Creator: Geweke, John, Keane, Michael P., and Runkle, David Edward Series: Staff report (Federal Reserve Bank of Minneapolis. Research Department) Number: 170 Abstract: This research compares several approaches to inference in the multinomial probit model, based on MonteCarlo results for a seven choice model. The experiment compares the simulated maximum likelihood estimator using the GHK recursive probability simulator, the method of simulated moments estimator using the GHK recursive simulator and kernelsmoothed frequency simulators, and posterior means using a Gibbs samplingdata augmentation algorithm. Each estimator is applied in nine different models, which have from 1 to 40 free parameters. The performance of all estimators is found to be satisfactory. However, the results indicate that the method of simulated moments estimator with the kernelsmoothed frequency simulator does not perform quite as well as the other three methods. Among those three, the Gibbs samplingdata augmentation algorithm appears to have a slight overall edge, with the relative performance of MSM and SML based on the GHK simulator difficult to determine.

Creator: Runkle, David Edward Series: Staff report (Federal Reserve Bank of Minneapolis. Research Department) Number: 107 Abstract: The statistical significance of variance decompositions and impulse response functions for unrestricted vector autoregressions is questionable. Most previous studies are suspect because they have not provided confidence intervals for variance decompositions and impulse response functions. Here two methods of computing such intervals are developed, one using a normal approximation, the other using bootstrapped resampling. An example from Sims’ work illustrates the importance of computing these confidence intervals. In the example, the 95 percent confidence intervals for variance decompositions span up to 66 percentage points at that usual forecasting horizon.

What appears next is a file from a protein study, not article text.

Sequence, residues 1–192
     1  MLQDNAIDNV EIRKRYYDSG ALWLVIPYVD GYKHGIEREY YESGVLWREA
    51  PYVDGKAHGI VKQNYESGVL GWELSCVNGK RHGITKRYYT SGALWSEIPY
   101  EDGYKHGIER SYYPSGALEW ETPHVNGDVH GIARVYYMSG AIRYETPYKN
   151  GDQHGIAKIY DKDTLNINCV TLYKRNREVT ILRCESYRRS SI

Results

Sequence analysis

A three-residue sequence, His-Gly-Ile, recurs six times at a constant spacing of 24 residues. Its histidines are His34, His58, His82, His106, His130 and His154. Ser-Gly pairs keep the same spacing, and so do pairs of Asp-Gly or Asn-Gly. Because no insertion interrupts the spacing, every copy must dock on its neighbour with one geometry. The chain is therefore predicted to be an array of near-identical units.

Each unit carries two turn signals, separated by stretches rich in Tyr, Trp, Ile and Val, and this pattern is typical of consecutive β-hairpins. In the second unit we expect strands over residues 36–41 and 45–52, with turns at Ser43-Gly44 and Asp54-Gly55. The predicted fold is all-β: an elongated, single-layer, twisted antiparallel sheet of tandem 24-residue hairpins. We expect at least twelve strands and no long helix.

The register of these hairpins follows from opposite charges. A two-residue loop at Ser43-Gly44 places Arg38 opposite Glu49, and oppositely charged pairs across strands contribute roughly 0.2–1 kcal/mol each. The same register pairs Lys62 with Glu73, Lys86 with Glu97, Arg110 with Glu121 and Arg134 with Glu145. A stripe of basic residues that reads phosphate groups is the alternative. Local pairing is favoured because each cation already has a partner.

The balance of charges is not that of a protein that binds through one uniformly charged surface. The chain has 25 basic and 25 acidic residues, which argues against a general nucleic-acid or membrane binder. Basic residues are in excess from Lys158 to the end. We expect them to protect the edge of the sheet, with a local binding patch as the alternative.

Motclé: Bootstrapping, Time series, and Macroeconomics 
On the Relation Between the Expected Value and the Volatility of the Nominal Excess Return on Stocks
Creator: Glosten, Lawrence R., Jagannathan, Ravi, and Runkle, David Edward Series: Staff report (Federal Reserve Bank of Minneapolis. Research Department) Number: 157 Abstract: We find support for a negative relation between conditional expected monthly return and conditional variance of monthly return, using a GARCHM model modified by allowing (i) seasonal patterns in volatility, (ii) positive and negative innovations to returns having different impacts on conditional volatility, and (iii) nominal interest rates to predict conditional variance. Using the modified GARCHM model, we also show that monthly conditional volatility may not be as persistent as was thought. Positive unanticipated returns appear to result in a downward revision of the conditional volatility whereas negative unanticipated returns result in an upward revision of conditional volatility.